Getting to grips with the history

Getting to grips with the History

Quotes from the book ‘From Marcus Aurelius to Kim Jong-Il’

Almost every day we see examples of people who have forged an impressive career, but who subsequently fall out of favour for a variety of reasons; politicians, presidents, industrialists, bankers and so on. It was no different in the past.

………………I dare to suggest that the majority of the portrayed equestrians were unpleasant people, to put it mildly. In quite a number of cases, they would nowadays not survive a hearing at the International Criminal Court unscathed.

……………….The question is what to do with the statues of people once highly esteemed and celebrated, but now profoundly detested as a result of changing times, norms and ideas. It is a fact that these were almost always destroyed or removed. There are abundant examples of this.

……………Revolutions were (and still are) critical moments for statues…………..The French Revolution was the end of the statues of kings, which were seen as symbols of absolutism…………….Revolution also took its toll in Russia. Many statues, seen as a representation of the loathed tsardom, were destroyed. Fortunately this did not happen to……..It is interesting to note that the tumbling of the large statue in Baghdad was not so much a spontaneous expression of hate, but instead a meticulously prepared event, aimed at a large TV audience.

……………….Independency was another critical moment for many statues. Existing statues were seen as the symbols of the former colonialists, not only in India, but also in the US, North Africa and the Far East.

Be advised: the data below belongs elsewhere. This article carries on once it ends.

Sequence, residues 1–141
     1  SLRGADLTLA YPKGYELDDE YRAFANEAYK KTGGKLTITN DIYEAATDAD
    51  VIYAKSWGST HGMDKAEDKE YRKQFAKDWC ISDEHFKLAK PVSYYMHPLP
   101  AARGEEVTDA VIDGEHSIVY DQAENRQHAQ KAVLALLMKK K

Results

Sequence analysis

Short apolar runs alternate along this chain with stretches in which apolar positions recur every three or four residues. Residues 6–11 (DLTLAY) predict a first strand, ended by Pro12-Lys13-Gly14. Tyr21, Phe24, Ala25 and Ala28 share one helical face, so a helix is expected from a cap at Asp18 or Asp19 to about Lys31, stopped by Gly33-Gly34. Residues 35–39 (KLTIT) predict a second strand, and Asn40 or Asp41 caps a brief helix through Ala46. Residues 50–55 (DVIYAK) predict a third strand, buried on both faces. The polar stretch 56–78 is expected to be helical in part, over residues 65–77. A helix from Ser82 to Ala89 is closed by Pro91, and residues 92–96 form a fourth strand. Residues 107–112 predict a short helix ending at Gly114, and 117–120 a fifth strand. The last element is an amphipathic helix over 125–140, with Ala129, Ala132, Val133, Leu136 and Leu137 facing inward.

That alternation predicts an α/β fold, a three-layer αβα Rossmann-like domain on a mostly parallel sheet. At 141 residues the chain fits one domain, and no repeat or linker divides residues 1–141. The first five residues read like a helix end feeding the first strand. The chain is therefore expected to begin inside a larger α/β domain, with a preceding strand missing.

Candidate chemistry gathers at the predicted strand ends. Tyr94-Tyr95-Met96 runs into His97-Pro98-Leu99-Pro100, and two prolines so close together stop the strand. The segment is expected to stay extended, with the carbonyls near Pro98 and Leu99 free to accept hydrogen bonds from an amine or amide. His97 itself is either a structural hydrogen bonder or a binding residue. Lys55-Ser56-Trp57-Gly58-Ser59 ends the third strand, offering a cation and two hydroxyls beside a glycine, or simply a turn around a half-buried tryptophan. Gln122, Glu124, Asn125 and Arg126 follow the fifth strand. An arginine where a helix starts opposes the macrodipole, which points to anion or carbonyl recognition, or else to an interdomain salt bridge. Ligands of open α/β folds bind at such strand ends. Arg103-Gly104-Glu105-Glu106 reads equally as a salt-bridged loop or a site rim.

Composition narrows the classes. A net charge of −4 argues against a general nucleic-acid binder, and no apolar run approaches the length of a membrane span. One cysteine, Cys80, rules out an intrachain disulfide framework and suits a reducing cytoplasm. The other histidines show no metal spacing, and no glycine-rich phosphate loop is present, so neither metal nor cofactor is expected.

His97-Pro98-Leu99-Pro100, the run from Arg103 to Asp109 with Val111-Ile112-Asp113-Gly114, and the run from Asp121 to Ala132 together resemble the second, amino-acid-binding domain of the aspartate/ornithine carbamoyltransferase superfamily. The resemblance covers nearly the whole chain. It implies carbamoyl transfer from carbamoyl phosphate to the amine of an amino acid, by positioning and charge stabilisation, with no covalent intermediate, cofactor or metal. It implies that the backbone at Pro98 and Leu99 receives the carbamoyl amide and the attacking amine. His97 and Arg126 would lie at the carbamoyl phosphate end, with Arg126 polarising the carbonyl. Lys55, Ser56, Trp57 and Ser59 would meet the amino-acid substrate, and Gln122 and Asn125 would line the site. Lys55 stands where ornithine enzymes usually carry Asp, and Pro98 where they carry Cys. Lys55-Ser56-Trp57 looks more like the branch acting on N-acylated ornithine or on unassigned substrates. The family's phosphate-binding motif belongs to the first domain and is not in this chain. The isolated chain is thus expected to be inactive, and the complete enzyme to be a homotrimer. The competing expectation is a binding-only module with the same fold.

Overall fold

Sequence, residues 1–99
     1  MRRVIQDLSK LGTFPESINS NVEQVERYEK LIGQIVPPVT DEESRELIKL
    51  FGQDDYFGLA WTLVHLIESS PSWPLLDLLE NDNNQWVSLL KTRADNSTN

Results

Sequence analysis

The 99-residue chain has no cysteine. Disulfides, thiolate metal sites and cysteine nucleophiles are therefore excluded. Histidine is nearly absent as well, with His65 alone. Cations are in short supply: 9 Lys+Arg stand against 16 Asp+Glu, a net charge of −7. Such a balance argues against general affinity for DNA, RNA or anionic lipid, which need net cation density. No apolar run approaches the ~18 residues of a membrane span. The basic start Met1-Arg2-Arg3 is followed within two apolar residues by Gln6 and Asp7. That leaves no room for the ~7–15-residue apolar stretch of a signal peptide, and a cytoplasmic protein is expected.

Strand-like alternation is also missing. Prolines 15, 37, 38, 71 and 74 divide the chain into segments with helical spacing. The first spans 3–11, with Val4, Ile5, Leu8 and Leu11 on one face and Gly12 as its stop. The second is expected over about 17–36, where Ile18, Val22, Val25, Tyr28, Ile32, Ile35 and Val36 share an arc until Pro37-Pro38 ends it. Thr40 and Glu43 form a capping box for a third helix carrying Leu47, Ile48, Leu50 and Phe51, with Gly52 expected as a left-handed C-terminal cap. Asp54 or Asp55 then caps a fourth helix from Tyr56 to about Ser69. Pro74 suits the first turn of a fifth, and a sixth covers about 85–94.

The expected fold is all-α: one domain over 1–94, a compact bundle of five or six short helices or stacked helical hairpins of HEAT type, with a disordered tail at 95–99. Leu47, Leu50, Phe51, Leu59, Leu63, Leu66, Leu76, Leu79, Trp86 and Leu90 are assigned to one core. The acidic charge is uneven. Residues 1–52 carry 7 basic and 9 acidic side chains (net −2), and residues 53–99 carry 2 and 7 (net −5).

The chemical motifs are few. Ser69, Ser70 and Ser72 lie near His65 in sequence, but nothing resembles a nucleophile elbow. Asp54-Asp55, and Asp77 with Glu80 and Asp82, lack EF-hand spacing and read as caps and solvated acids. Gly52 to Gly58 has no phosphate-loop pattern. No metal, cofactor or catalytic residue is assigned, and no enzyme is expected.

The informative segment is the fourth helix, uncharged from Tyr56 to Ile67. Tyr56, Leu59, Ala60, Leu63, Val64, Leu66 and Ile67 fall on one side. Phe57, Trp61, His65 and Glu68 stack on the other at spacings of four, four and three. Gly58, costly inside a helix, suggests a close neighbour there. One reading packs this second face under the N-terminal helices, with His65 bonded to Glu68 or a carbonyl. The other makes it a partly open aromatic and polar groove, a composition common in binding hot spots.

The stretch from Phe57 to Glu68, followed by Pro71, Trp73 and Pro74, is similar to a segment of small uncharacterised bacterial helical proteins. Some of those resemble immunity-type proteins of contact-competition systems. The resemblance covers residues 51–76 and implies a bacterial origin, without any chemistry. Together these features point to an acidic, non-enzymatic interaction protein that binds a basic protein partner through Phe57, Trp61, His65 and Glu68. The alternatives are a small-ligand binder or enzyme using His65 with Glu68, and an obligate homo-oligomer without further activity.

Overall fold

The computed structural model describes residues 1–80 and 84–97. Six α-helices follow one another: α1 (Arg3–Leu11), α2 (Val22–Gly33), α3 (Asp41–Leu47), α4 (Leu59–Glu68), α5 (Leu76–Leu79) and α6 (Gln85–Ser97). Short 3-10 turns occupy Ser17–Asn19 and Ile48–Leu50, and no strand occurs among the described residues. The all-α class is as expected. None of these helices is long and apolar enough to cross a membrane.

………………War is a third critical moment for equestrian statues, as proved by World War II once again. ………………..A large number of statues were destroyed in Germany itself, in and after World War II. Out of the 66 equestrian statues of Wilhelm I once existing, only 15 remain.

………………In my opinion, it would be better if we could learn to live with our history, no matter how ugly this history may be, if only to become wiser from it.  …………Moreover, as history shows, the hero of yesterday may be detested today, but it would be no exception if he or she were proven to be valued again in the future.

…………………So, whatever happens now and may happen in the future, I would like to argue for the conservation of the equestrian statues of Kim Il-sung and Kim Jong-il, unveiled in Pyongyang in North Korea in 2012. Whether we like it or not, they are part of our common history.